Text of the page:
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Applied Engineering 1a Course

Applied Engineering 1a: Introduction

Discover how technology has changed the world around us by pursuing technological solutions to everyday problems. While using scientific and engineering methods, learn how electricity, electronic systems, magnets, and circuits work. Understand the design process and bring your ideas to life. Explore how engineering advances your ideas and the world!

Review Course Outline

Units at a Glance

Unit 1: What is Engineering?

Are you creative or innovative? Are you an inventor? Peering into history we find the human race has been effective at piecing together ideas from their natural resources. New ideas are created every day, sometimes by accident, sometimes out of a need to solve a local or world problem. Let’s begin our discussion by first understanding how we have arrived at today’s technology and concepts of engineering.

What will you learn in this unit?

  • Define and identify a technological system
  • Define engineering and describe its history
  • Explain how and why technological development and diffusion has rapidly increased
  • Describe how technology has shaped social, cultural, political, and economic landscapes throughout history
  • Describe how the development and use of technology has influenced past events

Unit 2: The Science of Electricity

In this unit we peer into the atom and its properties. We identify what electricity is and how we can manipulate the electrons of an atom. We will cover some invaluable formulas that allow us to quantify electricity as it is applied to the generation and consumption of energy.

What will you learn in this unit?

  • Describe the structure of the atom and how it defines a conductor, semiconductor, and insulator
  • State the relationships between voltage, current, and resistance by the use of Ohm’s Law.
  • Calculate electrical power and energy
  • Describe the three laws of electrostatics
  • Explain the difference between a base unit and a derived unit

Unit 3: Circuits: The Building Blocks

As technology advances, so do the tools of discovery. The historical experiments, formulas, and data collection of the past have led to many amazing discoveries, yet we don’t stop there. Imagine if advances in the light bulb stopped with Thomas Edison; perhaps his invention would have sufficed if we didn’t know better. Since Edison first illuminated his world, the light bulb hasn’t changed because of a newer type of coiled metal filament. Rather, it was a process of innovation driven by our understanding of the atom and how we can manipulate known elements that continue to allow advances to happen. The latest light bulb technology generates less heat and extends the life of the bulb, and it achieves this by employing easier manufacturing methods. Many times new technology is integrated into existing processes as manufacturers make the transition from one product to the next. Some processes just make sense to keep. In this unit, we will compare examples of technology processes that have remained essentially unchanged with others that are always evolving in the process of becoming greater.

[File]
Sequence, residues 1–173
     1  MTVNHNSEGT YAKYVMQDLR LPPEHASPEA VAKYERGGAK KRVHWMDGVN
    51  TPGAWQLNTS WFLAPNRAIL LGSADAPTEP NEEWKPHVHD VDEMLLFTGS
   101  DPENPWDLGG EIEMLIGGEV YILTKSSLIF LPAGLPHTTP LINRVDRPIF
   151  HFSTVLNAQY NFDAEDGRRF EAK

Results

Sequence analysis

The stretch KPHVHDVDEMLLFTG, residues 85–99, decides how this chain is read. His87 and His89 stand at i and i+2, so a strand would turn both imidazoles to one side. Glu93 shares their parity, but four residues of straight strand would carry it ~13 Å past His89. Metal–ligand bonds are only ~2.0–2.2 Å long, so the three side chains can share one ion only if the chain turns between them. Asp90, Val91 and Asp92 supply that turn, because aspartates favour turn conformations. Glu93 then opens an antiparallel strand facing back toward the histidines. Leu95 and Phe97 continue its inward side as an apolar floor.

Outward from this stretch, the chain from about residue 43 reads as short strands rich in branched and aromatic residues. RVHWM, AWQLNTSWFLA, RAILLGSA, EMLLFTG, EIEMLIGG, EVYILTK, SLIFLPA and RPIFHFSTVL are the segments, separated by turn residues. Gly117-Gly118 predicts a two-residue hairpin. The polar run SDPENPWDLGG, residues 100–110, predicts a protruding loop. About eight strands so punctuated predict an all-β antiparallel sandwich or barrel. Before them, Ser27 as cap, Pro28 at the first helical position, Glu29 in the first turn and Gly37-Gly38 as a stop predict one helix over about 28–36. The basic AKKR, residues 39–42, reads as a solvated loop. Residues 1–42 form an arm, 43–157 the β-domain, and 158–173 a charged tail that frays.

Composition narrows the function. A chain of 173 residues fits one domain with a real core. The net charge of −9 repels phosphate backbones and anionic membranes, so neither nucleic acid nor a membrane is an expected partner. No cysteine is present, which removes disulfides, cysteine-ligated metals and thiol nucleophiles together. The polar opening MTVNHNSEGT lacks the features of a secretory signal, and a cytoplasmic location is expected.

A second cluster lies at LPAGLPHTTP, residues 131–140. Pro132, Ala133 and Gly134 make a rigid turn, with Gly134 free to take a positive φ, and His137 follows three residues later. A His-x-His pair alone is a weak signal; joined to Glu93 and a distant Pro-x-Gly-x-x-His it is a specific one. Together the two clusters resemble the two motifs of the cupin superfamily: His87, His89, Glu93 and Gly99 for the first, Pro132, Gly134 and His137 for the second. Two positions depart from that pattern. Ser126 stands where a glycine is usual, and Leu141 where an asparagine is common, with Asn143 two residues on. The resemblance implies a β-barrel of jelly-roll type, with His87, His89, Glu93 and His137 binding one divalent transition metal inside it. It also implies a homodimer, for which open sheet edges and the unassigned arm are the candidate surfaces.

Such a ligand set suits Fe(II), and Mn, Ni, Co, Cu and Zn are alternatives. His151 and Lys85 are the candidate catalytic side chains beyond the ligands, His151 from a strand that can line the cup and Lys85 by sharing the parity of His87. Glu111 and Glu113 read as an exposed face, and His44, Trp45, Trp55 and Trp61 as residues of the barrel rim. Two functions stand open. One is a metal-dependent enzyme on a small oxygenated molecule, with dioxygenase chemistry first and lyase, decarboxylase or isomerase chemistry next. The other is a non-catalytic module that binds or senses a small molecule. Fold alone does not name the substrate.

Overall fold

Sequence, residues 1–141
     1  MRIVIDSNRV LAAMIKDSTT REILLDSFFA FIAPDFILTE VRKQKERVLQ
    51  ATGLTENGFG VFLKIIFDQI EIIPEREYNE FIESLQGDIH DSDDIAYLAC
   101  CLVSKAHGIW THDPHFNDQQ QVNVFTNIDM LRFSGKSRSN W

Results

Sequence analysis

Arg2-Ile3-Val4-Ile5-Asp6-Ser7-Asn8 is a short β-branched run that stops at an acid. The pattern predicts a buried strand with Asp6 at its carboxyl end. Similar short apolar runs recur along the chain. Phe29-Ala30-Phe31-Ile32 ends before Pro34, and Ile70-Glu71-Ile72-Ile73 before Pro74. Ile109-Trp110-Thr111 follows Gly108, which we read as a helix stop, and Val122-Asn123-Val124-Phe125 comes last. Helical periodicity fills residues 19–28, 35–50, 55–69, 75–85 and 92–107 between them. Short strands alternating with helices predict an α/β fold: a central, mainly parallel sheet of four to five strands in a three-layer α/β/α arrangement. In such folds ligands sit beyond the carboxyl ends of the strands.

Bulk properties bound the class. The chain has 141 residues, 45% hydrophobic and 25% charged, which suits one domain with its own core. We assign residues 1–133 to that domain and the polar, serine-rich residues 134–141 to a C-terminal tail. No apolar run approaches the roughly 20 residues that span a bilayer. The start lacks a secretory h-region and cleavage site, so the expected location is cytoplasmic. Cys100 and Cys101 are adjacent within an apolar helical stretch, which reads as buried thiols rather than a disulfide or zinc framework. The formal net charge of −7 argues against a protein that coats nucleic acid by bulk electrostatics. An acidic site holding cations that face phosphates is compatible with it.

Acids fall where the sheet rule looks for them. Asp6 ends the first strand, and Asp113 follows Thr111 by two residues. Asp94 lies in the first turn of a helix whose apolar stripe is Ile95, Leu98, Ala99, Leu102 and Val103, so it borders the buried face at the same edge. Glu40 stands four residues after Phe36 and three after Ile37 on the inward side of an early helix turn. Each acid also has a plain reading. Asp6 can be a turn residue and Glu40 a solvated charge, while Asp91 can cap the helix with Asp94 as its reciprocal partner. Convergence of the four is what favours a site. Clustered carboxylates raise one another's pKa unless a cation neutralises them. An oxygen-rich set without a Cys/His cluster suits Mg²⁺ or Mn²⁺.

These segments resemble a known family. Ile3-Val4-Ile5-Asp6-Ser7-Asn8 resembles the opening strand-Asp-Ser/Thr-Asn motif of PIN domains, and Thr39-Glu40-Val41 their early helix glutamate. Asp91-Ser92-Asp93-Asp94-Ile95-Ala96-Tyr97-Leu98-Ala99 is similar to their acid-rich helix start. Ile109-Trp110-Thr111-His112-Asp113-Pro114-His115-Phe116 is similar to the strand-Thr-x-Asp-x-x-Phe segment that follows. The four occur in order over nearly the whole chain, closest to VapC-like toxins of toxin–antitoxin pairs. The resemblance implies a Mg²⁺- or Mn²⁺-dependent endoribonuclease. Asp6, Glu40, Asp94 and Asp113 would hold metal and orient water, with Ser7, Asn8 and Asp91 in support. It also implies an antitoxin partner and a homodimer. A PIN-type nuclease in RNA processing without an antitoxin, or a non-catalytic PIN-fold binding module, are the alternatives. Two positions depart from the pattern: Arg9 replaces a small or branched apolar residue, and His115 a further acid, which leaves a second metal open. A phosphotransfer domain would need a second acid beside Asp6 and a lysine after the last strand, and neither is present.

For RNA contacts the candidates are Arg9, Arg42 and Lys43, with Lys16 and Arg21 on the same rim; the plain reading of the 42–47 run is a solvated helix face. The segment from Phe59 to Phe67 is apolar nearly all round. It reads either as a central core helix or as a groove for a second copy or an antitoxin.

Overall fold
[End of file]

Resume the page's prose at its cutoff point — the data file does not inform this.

What will you learn in this unit?

  • Describe an open and closed-loop electronic system with its input, process, and output components
  • Describe the characteristics of permanent and electromagnets
  • Apply Ohm’s Law and Watt’s Law in a resistive circuit
  • Understand the differences between direct current and alternating current.
  • Identify electronic components such as resistors, capacitors, inductors

Unit 4: Types of Circuits

Have you ever wondered how computers think and answer questions? How applications make extensive use of artificial intelligence? Humans may think logically, but do computers? To answer these questions, we must first identify how we make decisions in our world with given choices. How is a question asked and how is an answer delivered? We will find that, with the proper electronic components, we can mimic the yes and no answers using on and off digital signals. In this unit, we will view the transition from analog devices with vacuum tubes and hand-wired circuitry to far more complex digital signal processing using digital integrated circuits (IC).

What will you learn in this unit?

  • Describe Kirchhoff’s Current and Voltage Laws
  • Describe the use of diodes and transistors
  • Understand how to use logic gates
  • Interconvert binary, decimal, and hexadecimal values
  • Identify various common electronic schematic symbols

Unit 5: Engineering Tools and Safety